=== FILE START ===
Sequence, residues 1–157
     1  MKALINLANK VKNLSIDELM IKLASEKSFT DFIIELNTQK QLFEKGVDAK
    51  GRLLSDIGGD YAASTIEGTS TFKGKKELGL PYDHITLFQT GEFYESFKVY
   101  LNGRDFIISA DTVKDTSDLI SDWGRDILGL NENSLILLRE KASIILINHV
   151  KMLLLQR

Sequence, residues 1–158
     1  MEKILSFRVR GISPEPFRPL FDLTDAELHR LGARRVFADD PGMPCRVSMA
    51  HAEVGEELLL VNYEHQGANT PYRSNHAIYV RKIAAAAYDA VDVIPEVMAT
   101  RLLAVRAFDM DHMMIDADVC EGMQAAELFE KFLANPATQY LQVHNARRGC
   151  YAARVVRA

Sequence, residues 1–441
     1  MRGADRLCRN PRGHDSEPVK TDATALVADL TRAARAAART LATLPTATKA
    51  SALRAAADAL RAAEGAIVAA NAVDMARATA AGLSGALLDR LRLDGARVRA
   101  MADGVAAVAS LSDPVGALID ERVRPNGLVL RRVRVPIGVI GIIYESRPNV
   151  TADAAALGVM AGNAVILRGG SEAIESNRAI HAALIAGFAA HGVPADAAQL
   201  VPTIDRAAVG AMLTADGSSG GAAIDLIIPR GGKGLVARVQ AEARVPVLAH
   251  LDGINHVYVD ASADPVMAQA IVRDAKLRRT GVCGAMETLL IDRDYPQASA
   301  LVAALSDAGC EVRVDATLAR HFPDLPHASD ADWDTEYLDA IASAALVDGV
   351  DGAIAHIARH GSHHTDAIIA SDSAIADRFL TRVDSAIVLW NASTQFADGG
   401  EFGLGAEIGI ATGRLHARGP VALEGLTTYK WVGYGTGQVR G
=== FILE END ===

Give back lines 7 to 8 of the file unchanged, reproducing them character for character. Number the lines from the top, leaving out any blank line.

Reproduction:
     1  MEKILSFRVR GISPEPFRPL FDLTDAELHR LGARRVFADD PGMPCRVSMA
    51  HAEVGEELLL VNYEHQGANT PYRSNHAIYV RKIAAAAYDA VDVIPEVMAT